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Brown Vs Board of Education Essay

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Brown Versus The Board of Education

The Brown versus Board of Education decision was an immense influence on desegregation of schools and a milestone in the movement for equality between the blacks and whites that continues today. The Brown versus Board of Education case was not the first of its type. Since the early 50’s, five separate cases were filed dealing with the desegregation of schools. In all but one of these cases, the schools for whites were finer than the schools for the blacks. The black people argued that this situation was not right and unconstitutional (Dudley, 1).

When the civil war ended in 1865, Congress passed the 14th amendment that stated that all people born in the United States are considered

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In 1911, a group of activists decided to form a group to fight for equality. This group became the National Association for the Advancement of Colored People, or the NAACP. In 1939 the NAACP set up a branch called the Legal Defense Fund, which worked to end segregation through legal actions. (Good, 16) The LDF took many cases to the Supreme Courts where most rulings were for the NAACP due to the unequal facilities between white and black schools. In 1952, the NAACP had three cases in the Supreme Court, which was rescheduled, to be heard a second time in 1953. By 1953 two more cases had been added and the 5 cases were known as Brown v. Board of Education. These five cases were: Bulah v. Gebhard, Davis v. Prince Edward County, Briggs v. Elliot, Brown v. Board of Education, and Bolling v. Sharpe (Good, 4).

Linda Carol Brown was eight years old in the summer of 1950 when her father was told that Linda wouldn’t be able to attend the Sumner Elementary School, in Topeka Kansas, due to her race. When finding this out Reverend Brown, Linda’s father teamed up with other black families and sought help from the NAACP. They tried to appeal to the school board, but it didn’t help. On February 28th of 1951 the battle begun when Reverend Brown filed his suit in the United States District Court as Brown v. Board of Education of Topeka

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Topics in Paper
  • Supreme Court
  • Supreme Court Of The United States
  • Fourteenth Amendment To The United States Constitution
  • Separate But Equal
  • Plessy V Ferguson
  • Virginia
  • Thurgood Marshall
  • Virginia Military Institute
  • Racial Segregation
@Example Essays

    Brown vs. Board of Education of Topeka, Kansas



    3 Pages
    750 Words

                 On May 17, 1954 the Supreme Court had made its decision on the Brown vs. Board of Education of Topeka, Kansas case. The Supreme Court declared unanimously "separate facilities are inherently unequal." If facilities are separate they are essentially not the same. This point is shown in a recent case, which shows similar concern over equal opportunity as that rose in Brown vs. Board of Education of Topeka, Kansas. The Supreme Court case of United States vs. Virginia illustrated discrimination against women.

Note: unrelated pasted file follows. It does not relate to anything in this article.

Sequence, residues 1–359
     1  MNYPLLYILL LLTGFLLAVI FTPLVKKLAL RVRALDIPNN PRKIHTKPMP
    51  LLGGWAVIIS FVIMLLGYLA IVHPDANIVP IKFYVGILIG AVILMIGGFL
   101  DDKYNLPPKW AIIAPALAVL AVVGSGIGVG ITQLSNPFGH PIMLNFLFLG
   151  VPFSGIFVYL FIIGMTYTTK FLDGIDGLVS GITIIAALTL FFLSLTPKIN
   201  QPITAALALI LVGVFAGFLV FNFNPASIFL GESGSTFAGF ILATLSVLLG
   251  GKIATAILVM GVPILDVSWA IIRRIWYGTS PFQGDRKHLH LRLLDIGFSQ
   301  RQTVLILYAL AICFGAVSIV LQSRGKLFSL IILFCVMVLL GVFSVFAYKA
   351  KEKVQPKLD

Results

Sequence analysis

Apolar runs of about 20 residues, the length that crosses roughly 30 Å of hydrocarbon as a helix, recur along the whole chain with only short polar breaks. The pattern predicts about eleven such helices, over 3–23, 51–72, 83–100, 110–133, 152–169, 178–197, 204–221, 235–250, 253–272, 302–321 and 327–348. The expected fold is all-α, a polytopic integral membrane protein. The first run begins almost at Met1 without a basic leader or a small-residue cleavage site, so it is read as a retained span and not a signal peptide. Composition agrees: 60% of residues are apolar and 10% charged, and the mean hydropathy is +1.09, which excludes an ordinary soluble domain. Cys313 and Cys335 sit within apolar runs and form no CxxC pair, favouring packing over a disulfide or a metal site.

It started when a young African American student in Topeka, Linda Brown, requested to attend a local all-white school in her neighborhood rather then an all-black school that was further away. The case began in 1951 when Oliver Brown, her father, sued the Topeka, Kansas Board of Education. He was suing to allow his 8-year-old daughter Linda to attend a school that only white children were allowed to attend. After numerous appeals, the case reached the Supreme Court. There a lawyer named Thurgood Marshall argued on behalf of Brown and against segregation in America's schools.
                
    The landmark Plessy vs. Ferguson verdict of 1896 had held that separate but equal public facilities for white and blacks were legal. Schools were public conveniences, and Brown, therefore, was rejected. Afterward the National Association for the Advancement of Colored People (NAACP) became a part of the case and appealed it all the way to the Supreme Court. It was then, on May 17, 1954, the United States Supreme Court had made its most significant ruling. By overturning Plessy vs. Ferguson, the certain Supreme Court declared that in the area of public schooling "the doctrine of separate but equal had no place." The case ruled that segregation was unconstitutional because it violated the Fourteenth Amendment. The Supreme Court ordered that school integration go forward "with all deliberate speed." The case took apart…

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    Brown vs. Board of Education of Topeka, Kansas. (1969, December 31). In MegaEssays.com. Retrieved 09:18, August 29, 2018, from https://www.megaessays.com/viewpaper/26265.html
    MegaEssays. “Brown vs. Board of Education of Topeka, Kansas.” MegaEssays.com. MegaEssays.com, (December 31, 1969). Web. 29 Aug. 2018.
    MegaEssays, “Brown vs. Board of Education of Topeka, Kansas.,” MegaEssays.com, https://www.megaessays.com/viewpaper/26265.html (accessed August 29, 2018)